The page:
With their debut album, Dutch Progressive Metallers VUUR (“fire/passion/drive”) have turned in a heavy, nuanced, and anthemic opening statement. For those who have been eagerly awaiting the day, I am pleased to announce that this is Anneke van Giersbergen’s heaviest work since The Gathering’s ‘Nighttime Birds’ in 1997. In addition to being wonderfully heavy, In This Moment We Are Free-Cities exudes all the maturity of the band’s extensive prior experience, while bursting with the enthusiasm of a ‘new’ band.
Of course, this isn’t quite a new band: VUUR is, with some important changes, an outgrowth from the live band that toured van Giersbergen’s The Gentle Storm collaboration with Arjen Lucassen. Unlike that project, which featured folky and jazzy prog that incorporated heavy elements, VUUR is a full-on metal band incorporating a progressive approach to composition. A loosely conceptual record, In This Moment We Are Free-Cities comprises songs “inspired by” cities van Giersbergen has visited, with the album’s title becoming something of a mantra as each song’s lyrics repeat the hope that “in this moment we are free.” The instrumental performances are powerful but upbeat, and Anneke van Giersbergen’s gorgeous voice is out front in every song. The vocal arrangements are complex and soaring, van Giersbergen’s voice frequently stepping up, up, up and then down again from line to line. Her harmonies are lovely as well, and while Marcela Bovio (of The Gentle Storm and a founding member of VUUR) is missed, van Giersbergen is the next best choice to harmonize with herself. There’s a lot more to this voice than is captured by Devin Townsend’s idiosyncratic use, and that “lot more” is all over VUUR’s debut
Though “Anneke goes heavy again” is clearly the selling point for this band—and what a selling point it is!—drummer Ed Warby is a strong contender for most valuable player. His sensibility is flawless, and while he does play fast and loud with complicated rhythmic changes, he also always plays exactly what’s right for the moment, always complementing his bandmates and anchoring the energy of the songs. His grooves and fills flow as fluidly as does van Giersbergen’s voice. This virtuoso drumming is on display right from the first track, as Warby’s pounding blows open “My Champion-Berlin” before settling the rolling pattern atop which guitarists Jord Otto and Ferry Duijsens trade crunchy riffs and classic solos. The song is shot through with guitar solos that reference a variety of metal styles, including 70’s-inspired doubled leads and dirtier wah-wahed 90’s screachers. Throughout, bassist Johan van Stratum holds down a very low end that weaves between the guitar riffs, occasionally rumbling but always maintaining clarity. This first song encapsulates the overall approach of the album of taking a core melodic structure and giving each player space to add both nuanced accents as well as spotlight-grabbing contributions..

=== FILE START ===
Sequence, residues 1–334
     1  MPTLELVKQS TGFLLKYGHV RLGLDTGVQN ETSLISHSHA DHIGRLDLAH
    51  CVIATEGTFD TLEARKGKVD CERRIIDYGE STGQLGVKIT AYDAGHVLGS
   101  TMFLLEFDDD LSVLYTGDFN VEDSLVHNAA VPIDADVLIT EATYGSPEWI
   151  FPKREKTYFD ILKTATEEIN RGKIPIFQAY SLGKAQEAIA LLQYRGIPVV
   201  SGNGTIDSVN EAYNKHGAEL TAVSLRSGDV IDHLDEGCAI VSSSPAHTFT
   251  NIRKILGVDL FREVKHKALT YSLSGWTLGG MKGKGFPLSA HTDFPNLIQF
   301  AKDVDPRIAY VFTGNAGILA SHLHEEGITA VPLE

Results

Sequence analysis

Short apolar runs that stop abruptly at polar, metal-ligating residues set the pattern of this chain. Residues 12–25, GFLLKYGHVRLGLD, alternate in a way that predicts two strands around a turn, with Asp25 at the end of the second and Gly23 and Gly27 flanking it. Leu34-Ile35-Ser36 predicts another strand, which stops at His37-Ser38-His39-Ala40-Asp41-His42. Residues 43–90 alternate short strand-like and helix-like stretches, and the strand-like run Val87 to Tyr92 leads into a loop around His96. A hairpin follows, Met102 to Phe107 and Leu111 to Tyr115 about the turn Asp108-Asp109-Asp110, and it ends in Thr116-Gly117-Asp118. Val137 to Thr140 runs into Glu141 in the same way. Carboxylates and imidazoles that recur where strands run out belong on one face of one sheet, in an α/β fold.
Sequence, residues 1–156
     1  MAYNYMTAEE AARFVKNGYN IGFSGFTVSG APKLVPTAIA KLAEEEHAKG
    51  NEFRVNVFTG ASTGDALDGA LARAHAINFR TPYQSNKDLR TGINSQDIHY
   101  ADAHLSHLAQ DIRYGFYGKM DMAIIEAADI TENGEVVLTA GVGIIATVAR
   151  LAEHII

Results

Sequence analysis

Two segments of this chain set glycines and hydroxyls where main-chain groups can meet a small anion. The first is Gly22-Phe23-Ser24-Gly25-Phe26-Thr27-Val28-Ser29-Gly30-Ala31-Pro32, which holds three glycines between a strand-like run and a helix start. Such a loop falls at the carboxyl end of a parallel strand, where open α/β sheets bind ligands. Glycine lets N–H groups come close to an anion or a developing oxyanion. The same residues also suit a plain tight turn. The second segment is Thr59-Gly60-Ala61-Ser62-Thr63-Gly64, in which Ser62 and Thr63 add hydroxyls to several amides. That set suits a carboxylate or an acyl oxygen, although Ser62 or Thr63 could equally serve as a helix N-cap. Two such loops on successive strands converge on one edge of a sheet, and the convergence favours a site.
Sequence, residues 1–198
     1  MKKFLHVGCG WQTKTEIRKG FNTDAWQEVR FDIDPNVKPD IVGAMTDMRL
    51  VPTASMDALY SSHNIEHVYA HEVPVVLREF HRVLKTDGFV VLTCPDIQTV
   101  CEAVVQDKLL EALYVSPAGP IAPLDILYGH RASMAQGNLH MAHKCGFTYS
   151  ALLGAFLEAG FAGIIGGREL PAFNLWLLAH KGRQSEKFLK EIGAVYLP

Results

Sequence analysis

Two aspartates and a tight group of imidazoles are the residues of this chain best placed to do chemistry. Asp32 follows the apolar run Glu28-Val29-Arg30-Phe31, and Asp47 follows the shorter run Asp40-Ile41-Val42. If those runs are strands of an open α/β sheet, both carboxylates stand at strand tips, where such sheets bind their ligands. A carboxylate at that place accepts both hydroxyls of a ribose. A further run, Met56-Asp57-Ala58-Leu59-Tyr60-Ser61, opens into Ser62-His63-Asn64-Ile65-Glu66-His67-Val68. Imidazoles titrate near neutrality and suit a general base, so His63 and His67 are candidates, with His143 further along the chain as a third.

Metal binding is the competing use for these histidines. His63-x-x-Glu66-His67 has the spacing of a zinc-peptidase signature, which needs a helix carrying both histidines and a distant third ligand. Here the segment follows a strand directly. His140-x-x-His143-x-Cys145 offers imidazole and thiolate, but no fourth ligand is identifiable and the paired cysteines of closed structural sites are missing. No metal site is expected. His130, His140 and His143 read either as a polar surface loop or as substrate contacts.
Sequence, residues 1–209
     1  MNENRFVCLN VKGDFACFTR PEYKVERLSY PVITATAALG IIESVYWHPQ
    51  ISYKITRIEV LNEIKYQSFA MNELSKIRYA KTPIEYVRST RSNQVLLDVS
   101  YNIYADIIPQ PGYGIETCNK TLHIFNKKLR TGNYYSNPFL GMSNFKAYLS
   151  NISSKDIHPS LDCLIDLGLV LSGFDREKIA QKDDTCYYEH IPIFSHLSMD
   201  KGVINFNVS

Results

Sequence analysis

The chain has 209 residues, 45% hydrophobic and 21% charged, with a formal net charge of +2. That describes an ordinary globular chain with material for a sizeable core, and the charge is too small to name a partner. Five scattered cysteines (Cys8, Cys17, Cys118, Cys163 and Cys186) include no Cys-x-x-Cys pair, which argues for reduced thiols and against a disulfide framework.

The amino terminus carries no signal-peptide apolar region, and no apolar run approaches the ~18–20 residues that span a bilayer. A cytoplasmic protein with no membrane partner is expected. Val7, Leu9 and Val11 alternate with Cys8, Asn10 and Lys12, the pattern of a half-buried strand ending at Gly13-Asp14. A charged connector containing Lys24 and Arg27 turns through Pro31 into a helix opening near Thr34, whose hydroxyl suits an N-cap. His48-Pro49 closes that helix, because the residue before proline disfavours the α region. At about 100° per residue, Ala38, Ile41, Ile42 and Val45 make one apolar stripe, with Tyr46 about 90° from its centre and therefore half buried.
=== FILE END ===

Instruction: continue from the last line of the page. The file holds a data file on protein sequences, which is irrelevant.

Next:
“Time-Rotterdam” introduces a more complicated rhythmic structure that shows off VUUR’s ability to set and then manipulate a groove. Van Stratum’s bass hits floor-vibrating notes as van Giersbergen’s plaintive wails segue to almost-choral vocalizations and again to the anthemic refrain of the song’s title. “Days Go By-London” features a similarly complex structure but leans even more into the lead guitars as the setting for a surprisingly sing-along chorus considering the foreboding set of lyrics. “Sail Away-Santiago” also incites singing-along in the chorus, but the verses adopt a heavier alternative rock groove with more playful vocal harmonies and the album’s most powerful performance of the album’s title lyric.
While balancing heaviness and clarity can be problematic, producer Joost van den Broek gets a very heavy low-end sound that remains clear and nuanced; while the overall effect is loud, no one element ever overpowers the others, and thus every member of the band is present and intelligible at every moment. In This Moment We Are Free-Cities is a great-sounding album that allows the great performances to shine through. The only (slight) drawback to the album is that it is comprised of a little more than an hour’s worth of mid-tempo metal, and so, depending on the listener’s mood, it might come off as a little plodding at times. Still, the performances are strong and the album does include a few change-ups with a power ballad (“Freedom-Rio”), a heavier alternative rock track (“Sail Away-Santiago”), and a singer-songwriter ballad (“Reunite!-Paris”).
The Gentle Storm live band was far too good to merely tour an album then dissipate, making the birth of VUUR almost a musical necessity. Thankfully, they’ve followed through on that promise with a killer debut album. In This Moment We Are Free-Cities is a must-listen just because it marks Anneke’s van Giersbergen’s return to a fully-dedicated metal band, but it remains a must-listen-again because her sense of melody, nuance, and composition is taken up by the whole band and carried home on every track. This is a wonderful debut that finds a “new” band in full swing right from the get-go.